Last Sunday the screens of the world broadcast a TV show with the best special effect of the year; the unexpected error during the Oscars’ Best Movie award. Instead of naming the controversial Moonlight as the winner, Faye Dunaway and Warren Beatty gave a brief moment of glory to the favorite La La Land.
Although I didn’t see the chaotic scene live–I was watching the new season of Homeland–I watched the videos on Twitter the next morning. Immediately, I thought of Steve Harvey. Wherever he was, I am sure he was happily dancing, because he passed on the biggest screw crown by a TV awards host.
Although what Harvey did to my fellow Colombian Ariadna Gutierrez during the Miss Universe 2015 ceremony will still remain in infamy, the audience size matters. While Harvey’s gaffe had 5.8 million spectators, The Oscars 2017 had 34.4 million.
Since Sunday the media in the US is still searching for an explanation to the “sacrilege” committed in the world temple of the Academy of Motion Picture Arts and Sciences.
Regardless of the statement released by the accounting firm PricewaterhouseCoopers, accepting that it was a “human error” mistaking the envelopes of the awards Best Actress for Best Picture, the conspiracy theorists allege that PC threads were manipulated to not recognize the first black director after the protests at last year’s ceremony.
I, on the other hand, have another explanation. Hollywood can’t accept a human error because there is nothing human about Hollywood. Actors and producers live in a biosphere of adulation, silicone, and monetary waste miles away from reality.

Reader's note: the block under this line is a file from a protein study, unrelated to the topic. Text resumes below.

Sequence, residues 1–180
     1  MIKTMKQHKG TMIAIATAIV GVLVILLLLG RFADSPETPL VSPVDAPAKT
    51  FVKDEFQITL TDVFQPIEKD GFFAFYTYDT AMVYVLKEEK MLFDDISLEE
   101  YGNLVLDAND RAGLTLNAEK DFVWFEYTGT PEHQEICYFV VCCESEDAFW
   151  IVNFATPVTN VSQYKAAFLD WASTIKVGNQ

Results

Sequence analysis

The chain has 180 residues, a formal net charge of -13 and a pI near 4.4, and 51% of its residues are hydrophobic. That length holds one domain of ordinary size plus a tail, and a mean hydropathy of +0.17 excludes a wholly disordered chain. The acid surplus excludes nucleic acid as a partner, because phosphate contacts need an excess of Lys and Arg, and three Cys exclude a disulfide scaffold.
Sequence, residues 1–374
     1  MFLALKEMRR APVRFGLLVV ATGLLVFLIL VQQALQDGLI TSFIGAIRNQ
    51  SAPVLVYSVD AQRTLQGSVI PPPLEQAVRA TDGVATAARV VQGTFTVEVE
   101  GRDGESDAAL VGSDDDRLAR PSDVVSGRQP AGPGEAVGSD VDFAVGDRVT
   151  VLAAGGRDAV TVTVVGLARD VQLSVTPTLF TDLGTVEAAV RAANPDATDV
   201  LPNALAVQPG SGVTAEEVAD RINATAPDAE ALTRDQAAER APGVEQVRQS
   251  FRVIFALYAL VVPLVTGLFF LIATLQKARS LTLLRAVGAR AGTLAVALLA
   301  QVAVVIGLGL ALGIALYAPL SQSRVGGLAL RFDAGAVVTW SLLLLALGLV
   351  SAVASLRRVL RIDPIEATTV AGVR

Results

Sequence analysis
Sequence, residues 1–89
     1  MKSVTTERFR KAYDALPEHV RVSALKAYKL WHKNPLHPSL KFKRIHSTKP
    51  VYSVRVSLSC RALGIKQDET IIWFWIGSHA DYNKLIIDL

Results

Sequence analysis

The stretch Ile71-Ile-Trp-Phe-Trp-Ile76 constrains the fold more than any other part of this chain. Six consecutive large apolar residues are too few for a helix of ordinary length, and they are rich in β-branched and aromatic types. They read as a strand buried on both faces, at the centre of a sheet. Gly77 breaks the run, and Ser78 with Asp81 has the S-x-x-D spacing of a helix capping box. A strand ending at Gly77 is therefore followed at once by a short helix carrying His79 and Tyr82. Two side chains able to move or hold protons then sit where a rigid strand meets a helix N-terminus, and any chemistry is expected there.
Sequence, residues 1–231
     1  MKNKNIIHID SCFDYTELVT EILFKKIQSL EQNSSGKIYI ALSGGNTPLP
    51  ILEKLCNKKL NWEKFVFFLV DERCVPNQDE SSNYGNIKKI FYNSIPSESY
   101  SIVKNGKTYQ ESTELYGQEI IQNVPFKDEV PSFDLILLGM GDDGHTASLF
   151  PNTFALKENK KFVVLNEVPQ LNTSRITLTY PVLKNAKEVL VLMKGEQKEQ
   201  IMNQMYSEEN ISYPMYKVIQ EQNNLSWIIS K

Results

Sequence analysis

Many stars, however, have come to despise their privileged world–on and off camera. From the moment the mosquito of social justice and equality bit them, they have worn the masks of the “middle class” passionately and are ready to march for whatever cause is trending.
For example, there are the environmentalists. They are spokesmen for the climate change cause and criticize SUVs while driving their electric cars. But, if they are invited to a party unexpectedly, they fly their hairdressers to their mansions or islands in private jets without any shame.
The actress/singer combination type, fight for gender equality and women’s rights. Nonetheless, if the paycheck has seven zeros to the right, they willingly perform–wearing a bikini–in front of millionaires from countries where women are stoned to death if they show an inch of skin or hair by accident.
Until recently, Hollywood’s greatness relied on the superficiality of the Oscars and its celebrities. They kept their opinions private and were true professionals of the entertainment industry.
As for the rest of the mortals, I used to covet the glamour and beauty of the stars in front and behind cameras. But now, even the gowns and suits they wear are a “social statement”. This is the reason why I stopped watching the Oscars.
In fact, the only films I watch are my son’s favorite animated movies. Robert De Niro has been replaced by the Lego mini-figures.
Anyways, like the saying goes, “Do what you do best.” Hopefully next year, the producers of the Oscars will enlarge the font of the envelopes and cards to help the hosts–or at least, install a magnifying glass on the podium!
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